I have a major phobia about my eyes. Call it an extreme sensitivity. Not only can I not stand the thought of someone or something touching my eyes — I can’t even watch someone else put in their own contact lenses or apply eye makeup (good thing there isn’t much call for the latter in the radio business).
I was once urged to do live commercials for a doctor who specializes in Lasik surgery. The salesperson took me to the doctor’s office, where his assistant gave me a full tour and described the procedures he did. Hearing her descriptions while surrounded by photos of eyes in various states of distress, it took every ounce of willpower for me not to throw up. I knew I couldn’t do these commercials — how could I convince our listeners to visit a business that freaked me out so much? To our salesperson’s horror, I had to politely decline to be the doctor’s radio spokesman.
You can imagine how I feel when I have to get my eyes checked annually to see if I need a new prescription for my glasses. It’s one of the most anxiety-producing things in my life. I have no problem getting in front of a huge crowd to make a speech, or driving on icy roads through blizzard conditions, or any of a number of things that might make other people nervous. But sitting in the examination chair while drops are applied to dilate my eyes, or when the doctor has to reach over and move my eyelid as he uses the machine that touches my eyeball to test for glaucoma — it’s all I can do to keep from running out of the room at high speed.
Still, I can manage to get through it once a year, albeit with a slight increase in blood pressure. But a few days ago, I noticed a small growth on my left upper eyelid. This can’t be good, I told myself. Even if it was nothing dangerous, the thought of having someone do something about it started getting to me. I called my eye doctor, who agreed to see me that afternoon. He immediately recognized it as a sebaceous cyst, kind of like a pimple. He told me it was usually harmless (I liked hearing that), but I might need to have it removed (not so much), so he got me an appointment for today with an ophthalmologist who could better determine what needed to be done.
This afternoon, I drove to the ophthalmologist’s office in a building topped by a sign containing two words I never want to see together: Eye Surgery Center. I got there early so I’d have time to fill out all the paperwork, then sat among a dozen other patients until it was my turn. A half-hour later, a nurse took me into an examination room, had me do a quick reading test, put some notes in a computer, then escorted me to the next waiting area, where only six other patients were sitting. Anticipating the wait time, I’d brought two newspapers with me. Finished them both. Then checked email on my iPhone.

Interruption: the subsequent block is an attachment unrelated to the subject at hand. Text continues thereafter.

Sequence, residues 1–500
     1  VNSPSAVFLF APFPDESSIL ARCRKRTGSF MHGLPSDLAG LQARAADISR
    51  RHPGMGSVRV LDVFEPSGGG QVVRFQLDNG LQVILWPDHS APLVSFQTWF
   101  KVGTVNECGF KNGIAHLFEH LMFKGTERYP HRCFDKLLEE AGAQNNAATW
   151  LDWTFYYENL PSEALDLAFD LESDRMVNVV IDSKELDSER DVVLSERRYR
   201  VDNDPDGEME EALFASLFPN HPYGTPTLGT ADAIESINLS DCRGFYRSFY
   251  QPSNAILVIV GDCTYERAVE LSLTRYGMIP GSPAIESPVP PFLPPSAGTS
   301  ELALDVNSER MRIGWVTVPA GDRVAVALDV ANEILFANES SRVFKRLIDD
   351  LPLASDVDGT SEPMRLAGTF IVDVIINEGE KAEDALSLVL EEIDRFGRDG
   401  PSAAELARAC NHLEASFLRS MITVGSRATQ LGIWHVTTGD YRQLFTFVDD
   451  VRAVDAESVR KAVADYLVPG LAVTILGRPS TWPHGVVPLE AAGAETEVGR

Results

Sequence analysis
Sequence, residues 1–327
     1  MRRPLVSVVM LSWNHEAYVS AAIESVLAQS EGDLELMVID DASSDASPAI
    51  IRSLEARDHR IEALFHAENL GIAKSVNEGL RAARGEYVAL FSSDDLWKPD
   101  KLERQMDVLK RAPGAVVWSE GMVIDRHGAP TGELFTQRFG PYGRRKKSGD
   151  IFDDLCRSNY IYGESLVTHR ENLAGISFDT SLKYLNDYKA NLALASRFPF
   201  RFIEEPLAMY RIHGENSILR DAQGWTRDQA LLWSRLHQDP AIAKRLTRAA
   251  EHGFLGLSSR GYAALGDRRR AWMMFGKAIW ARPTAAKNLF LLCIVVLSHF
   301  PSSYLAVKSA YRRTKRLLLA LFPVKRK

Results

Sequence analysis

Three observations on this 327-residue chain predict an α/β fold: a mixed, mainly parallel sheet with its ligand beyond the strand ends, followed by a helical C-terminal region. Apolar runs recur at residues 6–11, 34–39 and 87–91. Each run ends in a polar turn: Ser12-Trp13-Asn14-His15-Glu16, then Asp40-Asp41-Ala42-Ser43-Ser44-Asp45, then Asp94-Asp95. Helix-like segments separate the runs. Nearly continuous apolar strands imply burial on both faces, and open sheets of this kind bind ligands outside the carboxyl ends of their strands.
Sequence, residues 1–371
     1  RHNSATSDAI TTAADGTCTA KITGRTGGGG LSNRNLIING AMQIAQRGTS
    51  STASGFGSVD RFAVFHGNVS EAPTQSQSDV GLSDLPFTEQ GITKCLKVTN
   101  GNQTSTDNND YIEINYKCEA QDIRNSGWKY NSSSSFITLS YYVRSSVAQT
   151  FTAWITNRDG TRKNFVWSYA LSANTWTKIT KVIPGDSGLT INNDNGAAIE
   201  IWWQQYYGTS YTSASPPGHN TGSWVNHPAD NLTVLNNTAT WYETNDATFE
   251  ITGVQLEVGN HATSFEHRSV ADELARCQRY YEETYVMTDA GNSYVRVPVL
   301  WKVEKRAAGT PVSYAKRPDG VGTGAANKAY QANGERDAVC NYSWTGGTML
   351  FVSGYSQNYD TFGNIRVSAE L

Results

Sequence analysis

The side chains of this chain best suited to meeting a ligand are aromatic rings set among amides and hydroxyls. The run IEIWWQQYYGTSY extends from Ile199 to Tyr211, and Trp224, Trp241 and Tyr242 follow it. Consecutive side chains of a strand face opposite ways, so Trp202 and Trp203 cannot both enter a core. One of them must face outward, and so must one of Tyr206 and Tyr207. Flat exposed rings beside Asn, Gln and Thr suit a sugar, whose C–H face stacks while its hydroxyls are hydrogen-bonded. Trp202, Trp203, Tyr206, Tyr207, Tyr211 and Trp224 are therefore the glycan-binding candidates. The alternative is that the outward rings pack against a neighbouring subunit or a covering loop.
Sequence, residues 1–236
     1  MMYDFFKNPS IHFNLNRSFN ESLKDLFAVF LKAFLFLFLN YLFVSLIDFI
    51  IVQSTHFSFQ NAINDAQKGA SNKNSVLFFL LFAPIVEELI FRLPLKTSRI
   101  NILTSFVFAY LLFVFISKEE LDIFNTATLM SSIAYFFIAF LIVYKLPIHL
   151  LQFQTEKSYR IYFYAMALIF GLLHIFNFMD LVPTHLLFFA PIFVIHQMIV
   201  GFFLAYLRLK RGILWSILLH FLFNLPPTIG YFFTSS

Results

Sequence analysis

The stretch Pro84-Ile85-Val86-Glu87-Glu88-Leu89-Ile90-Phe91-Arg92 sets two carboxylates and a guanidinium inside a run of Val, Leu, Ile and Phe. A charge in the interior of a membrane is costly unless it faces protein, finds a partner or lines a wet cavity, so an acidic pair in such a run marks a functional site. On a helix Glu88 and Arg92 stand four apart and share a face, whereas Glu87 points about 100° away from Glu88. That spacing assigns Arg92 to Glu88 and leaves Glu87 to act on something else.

Fifteen minutes later, a second nurse took me into yet another examination room. “The doctor will be right with you.” Back to my iPhone to check Twitter. If the idea was to exercise my eyes, mission accomplished.
Nearly an hour after I’d arrived, there was a knock at the door, then I was finally in the same room as the doctor. Before he got started, I explained my crazy eye phobia. He smiled, saying I wasn’t alone, and he’d be gentle. With a minimum of eyelid-touching, he checked out the cyst and declared that as long as it didn’t hurt, wasn’t in my field of vision, and wasn’t bothering me, then it wasn’t a big deal and he didn’t have to do anything about it. In fact, if it didn’t change in the next six months (or six years), there was nothing to worry about.
For the first time today, a smile crossed my lips. I was about to stand up and walk out, but I couldn’t help myself: “I’m probably going to regret this question, but what if it does change?” He replied, “Then we’ll have to inject a little anesthetic into the lid, puncture the cyst with a very small needle, and drain the fluid.” I stopped him. “You had me at inject, Doc!!” Seeing how I’d recoiled at the thought, he reassured me that I was fine for now, that he wouldn’t go anywhere near my eyes again until I told him it was necessary.
Good enough for me. I happily coughed up my co-pay at the front desk, then got out of there as quickly as I could, breathing easily with eyes intact.